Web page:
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    1. I love my fall garden, sometimes plants don't have time to fill out in spring before the heat sets in. The garden was very new when you were last here so I'm sure it looks more full now. I especially enjoy collected natives from surrounding areas. I'll check the blackfoot daisy since I don't remember noticing before. It grows everywhere and in any weather so I like it a lot for the garden.

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  3. I see what you mean about your salvias. They are tough creatures, as long as they have full sun and aren't soggy over winter. I can provide the latter, not the former. (picture sad emoji here) That Gomphrena is spectacular – especially massed – and really lives up to its cultivar name.

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    1. Full sun we have and soggy winters are rare though I have lost some plants when weather patterns change to wet. Gomphrena works so well in our climate I plan to grow more of it.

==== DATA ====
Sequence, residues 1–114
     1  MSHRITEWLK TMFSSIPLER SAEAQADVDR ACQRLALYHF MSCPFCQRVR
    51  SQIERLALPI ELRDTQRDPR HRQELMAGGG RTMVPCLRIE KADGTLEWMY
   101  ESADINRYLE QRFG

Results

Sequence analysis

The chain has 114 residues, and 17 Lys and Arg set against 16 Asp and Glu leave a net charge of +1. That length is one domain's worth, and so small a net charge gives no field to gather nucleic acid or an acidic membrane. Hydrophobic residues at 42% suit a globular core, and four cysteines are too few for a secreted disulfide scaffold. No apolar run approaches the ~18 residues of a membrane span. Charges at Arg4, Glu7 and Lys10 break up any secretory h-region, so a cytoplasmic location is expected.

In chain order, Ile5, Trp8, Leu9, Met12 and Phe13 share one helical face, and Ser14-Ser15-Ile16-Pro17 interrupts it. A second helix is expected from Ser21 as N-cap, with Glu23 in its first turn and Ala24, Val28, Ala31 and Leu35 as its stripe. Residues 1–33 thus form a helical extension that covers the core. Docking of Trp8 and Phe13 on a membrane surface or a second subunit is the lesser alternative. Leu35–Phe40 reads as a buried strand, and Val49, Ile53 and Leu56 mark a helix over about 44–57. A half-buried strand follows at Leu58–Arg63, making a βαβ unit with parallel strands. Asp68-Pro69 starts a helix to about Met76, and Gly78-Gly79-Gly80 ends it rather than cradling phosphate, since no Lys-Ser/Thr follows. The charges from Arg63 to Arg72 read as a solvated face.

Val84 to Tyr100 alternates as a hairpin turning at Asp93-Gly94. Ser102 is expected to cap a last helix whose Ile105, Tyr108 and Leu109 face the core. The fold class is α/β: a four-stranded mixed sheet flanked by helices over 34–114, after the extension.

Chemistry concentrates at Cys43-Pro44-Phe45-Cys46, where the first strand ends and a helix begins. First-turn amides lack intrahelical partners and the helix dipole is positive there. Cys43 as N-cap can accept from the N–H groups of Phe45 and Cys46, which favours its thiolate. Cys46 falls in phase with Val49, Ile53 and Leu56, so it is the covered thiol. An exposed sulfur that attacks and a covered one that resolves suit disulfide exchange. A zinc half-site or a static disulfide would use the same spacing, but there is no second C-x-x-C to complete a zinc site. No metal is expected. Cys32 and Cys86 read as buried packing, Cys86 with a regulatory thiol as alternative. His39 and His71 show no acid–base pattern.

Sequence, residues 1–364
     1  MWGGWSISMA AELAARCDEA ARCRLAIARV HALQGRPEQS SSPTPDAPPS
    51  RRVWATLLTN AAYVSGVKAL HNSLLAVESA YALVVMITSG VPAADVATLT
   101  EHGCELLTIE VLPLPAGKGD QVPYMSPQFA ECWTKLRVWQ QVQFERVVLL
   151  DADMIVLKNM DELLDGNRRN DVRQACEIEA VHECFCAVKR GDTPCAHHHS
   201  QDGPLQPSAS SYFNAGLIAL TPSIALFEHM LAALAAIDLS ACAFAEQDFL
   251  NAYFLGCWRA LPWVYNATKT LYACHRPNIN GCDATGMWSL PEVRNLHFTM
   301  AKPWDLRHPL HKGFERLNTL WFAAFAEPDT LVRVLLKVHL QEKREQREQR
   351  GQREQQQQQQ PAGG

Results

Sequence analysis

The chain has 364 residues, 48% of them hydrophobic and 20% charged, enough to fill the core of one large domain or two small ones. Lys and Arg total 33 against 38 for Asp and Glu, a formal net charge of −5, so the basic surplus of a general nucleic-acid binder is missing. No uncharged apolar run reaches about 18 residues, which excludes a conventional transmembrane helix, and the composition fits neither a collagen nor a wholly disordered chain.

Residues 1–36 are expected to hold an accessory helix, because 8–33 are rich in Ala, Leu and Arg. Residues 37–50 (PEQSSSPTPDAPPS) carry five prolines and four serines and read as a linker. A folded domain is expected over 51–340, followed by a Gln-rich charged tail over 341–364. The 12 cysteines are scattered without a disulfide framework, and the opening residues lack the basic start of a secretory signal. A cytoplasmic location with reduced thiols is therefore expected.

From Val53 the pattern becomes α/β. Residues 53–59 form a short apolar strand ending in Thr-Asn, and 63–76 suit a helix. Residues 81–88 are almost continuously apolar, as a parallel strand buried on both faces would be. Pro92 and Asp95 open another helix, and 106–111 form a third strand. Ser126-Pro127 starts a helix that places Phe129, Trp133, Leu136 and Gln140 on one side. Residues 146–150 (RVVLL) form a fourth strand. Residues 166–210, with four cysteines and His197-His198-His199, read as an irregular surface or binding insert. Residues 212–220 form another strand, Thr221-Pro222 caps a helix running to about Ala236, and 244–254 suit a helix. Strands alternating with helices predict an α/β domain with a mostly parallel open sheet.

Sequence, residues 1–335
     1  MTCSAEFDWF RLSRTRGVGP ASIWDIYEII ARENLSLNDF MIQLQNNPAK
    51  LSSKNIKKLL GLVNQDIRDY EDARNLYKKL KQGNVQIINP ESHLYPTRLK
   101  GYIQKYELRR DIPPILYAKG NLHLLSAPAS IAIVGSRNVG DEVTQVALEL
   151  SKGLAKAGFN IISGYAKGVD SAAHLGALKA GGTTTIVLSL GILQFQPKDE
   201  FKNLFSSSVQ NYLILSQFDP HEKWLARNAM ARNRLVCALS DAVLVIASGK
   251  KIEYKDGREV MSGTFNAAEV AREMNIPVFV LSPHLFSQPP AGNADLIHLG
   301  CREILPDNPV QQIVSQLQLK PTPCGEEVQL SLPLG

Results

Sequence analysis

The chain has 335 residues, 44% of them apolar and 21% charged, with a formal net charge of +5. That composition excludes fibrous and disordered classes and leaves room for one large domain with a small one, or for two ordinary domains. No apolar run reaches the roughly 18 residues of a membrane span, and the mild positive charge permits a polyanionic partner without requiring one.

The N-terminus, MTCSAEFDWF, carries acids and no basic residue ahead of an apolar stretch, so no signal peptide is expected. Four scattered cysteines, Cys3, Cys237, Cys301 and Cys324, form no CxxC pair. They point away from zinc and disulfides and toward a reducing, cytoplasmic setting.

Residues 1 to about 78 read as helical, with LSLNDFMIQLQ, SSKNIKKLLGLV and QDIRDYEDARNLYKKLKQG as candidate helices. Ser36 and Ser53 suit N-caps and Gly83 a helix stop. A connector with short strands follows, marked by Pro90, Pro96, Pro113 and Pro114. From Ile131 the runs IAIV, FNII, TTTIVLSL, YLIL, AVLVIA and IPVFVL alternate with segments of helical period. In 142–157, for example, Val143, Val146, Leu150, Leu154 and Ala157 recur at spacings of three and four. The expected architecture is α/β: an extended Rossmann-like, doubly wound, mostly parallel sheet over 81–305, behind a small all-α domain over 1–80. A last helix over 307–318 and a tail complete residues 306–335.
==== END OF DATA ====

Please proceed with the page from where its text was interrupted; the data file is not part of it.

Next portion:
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  4. Gorgeous blooms! That orange-flowering aloe is a knockout. It's a beautiful time of year just about everywhere, it seems.

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    1. Fall is nice everywhere. The big difference is the garden is waking up and our winters are mild enough to garden during most of it.

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  5. Outdoor flower arrangements in the ground...I like that!

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    1. It's just amazing to walk through.

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  6. Your garden looks great! Fall can be a glorious time of year in the garden.

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    1. It is and now if we could just get some actual fall weather.

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  7. I love seeing your second season of blooms Shirley...we are supposed to slow down here but we are getting summer temps so the garden is now growing again or still.